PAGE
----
So, how do we decide what should be preached from a passage such as this? The answer is study and prayer. As I labored over this passage in various study resources, I found all of the topics I mentioned addressed…and yet none of them resonated in my spirit as a topic of this sermon. As I prayed, I kept coming back to the same idea over and over again—I need to preach about Judas. That’s what I’m going to do this morning.

Much like Benedict Arnold, Judas Iscariot is typically remembered for one thing: betrayal. He was one of the twelve disciples who lived with and followed Jesus for three years. He witnessed Jesus’ ministry, teaching, and many miracles.

Here’s what we know about Judas from the rest of the New Testament: 

  • Money was important to him.
    • He was the treasurer for the apostles and used to help himself to the money.
    • The chief priests paid him “thirty silver coins” to betray Jesus.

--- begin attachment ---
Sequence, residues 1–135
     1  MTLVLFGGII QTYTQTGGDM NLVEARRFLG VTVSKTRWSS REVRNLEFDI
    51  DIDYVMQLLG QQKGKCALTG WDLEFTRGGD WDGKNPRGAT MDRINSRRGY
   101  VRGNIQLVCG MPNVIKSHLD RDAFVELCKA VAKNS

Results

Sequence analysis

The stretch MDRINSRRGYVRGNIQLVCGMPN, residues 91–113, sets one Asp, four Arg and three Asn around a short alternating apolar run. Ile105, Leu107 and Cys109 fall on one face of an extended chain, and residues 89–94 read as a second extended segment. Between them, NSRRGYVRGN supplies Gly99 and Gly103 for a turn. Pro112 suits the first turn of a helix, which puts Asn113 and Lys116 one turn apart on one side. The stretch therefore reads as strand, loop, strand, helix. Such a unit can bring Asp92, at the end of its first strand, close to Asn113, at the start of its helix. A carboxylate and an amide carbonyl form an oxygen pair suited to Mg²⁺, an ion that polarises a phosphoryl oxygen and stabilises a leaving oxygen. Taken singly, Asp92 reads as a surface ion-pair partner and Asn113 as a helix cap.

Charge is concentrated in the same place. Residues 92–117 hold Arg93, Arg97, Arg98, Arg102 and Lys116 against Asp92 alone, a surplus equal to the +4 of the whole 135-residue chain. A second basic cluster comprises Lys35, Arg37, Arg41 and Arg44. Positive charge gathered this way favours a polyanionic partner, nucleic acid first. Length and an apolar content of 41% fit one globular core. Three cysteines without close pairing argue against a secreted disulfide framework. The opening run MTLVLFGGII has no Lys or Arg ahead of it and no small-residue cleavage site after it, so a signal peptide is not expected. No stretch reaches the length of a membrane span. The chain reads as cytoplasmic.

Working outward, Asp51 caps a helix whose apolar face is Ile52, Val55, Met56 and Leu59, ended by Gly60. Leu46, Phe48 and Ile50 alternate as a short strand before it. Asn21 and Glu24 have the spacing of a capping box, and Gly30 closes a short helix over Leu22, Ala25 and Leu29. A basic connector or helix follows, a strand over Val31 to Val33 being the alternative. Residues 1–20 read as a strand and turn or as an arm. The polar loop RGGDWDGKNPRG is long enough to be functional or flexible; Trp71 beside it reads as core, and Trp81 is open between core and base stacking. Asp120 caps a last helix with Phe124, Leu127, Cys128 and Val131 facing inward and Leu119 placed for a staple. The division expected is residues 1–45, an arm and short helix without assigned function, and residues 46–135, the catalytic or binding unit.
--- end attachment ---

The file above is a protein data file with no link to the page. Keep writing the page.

• Jesus knew from the very beginning what Judas would do (John 6:70).
    • At the Last Supper, Jesus publicly predicted that he would be betrayed and identified his betrayer (John 13:26).
    • Judas was empowered to do what he did by the devil himself (John 13:27).
    • The other disciples had no clue about Judas’ plans.
      • In fact, when Jesus mentioned a betrayer in their midst, they all worried that it might be them.
      • When Jesus told Judas to quickly carry out his plan (John 13:27), the others thought Judas had been sent to buy more food or to give something to charity (John 13:28–29).
    • Judas betrayed Jesus with a kiss.
    • After betraying Jesus, Judas “was seized with remorse and returned the thirty silver coins to the chief priests and the elders” (Matthew 27:3).

Given the fact of Judas’ close proximity to Jesus during three years of ministry, it’s hard to imagine how he could do what he did.

His story teaches us several lessons: